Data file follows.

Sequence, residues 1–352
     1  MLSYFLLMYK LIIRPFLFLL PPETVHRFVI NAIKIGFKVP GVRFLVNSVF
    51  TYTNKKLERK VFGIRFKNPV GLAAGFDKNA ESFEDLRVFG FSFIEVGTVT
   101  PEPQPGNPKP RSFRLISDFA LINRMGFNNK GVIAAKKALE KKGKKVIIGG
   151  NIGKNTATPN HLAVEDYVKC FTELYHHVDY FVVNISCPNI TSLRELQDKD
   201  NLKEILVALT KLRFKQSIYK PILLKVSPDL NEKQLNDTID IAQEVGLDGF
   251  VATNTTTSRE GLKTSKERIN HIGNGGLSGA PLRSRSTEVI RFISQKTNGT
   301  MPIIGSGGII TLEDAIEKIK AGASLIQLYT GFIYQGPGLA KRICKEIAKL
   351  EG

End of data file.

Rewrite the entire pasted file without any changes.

Sequence, residues 1–352
     1  MLSYFLLMYK LIIRPFLFLL PPETVHRFVI NAIKIGFKVP GVRFLVNSVF
    51  TYTNKKLERK VFGIRFKNPV GLAAGFDKNA ESFEDLRVFG FSFIEVGTVT
   101  PEPQPGNPKP RSFRLISDFA LINRMGFNNK GVIAAKKALE KKGKKVIIGG
   151  NIGKNTATPN HLAVEDYVKC FTELYHHVDY FVVNISCPNI TSLRELQDKD
   201  NLKEILVALT KLRFKQSIYK PILLKVSPDL NEKQLNDTID IAQEVGLDGF
   251  VATNTTTSRE GLKTSKERIN HIGNGGLSGA PLRSRSTEVI RFISQKTNGT
   301  MPIIGSGGII TLEDAIEKIK AGASLIQLYT GFIYQGPGLA KRICKEIAKL
   351  EG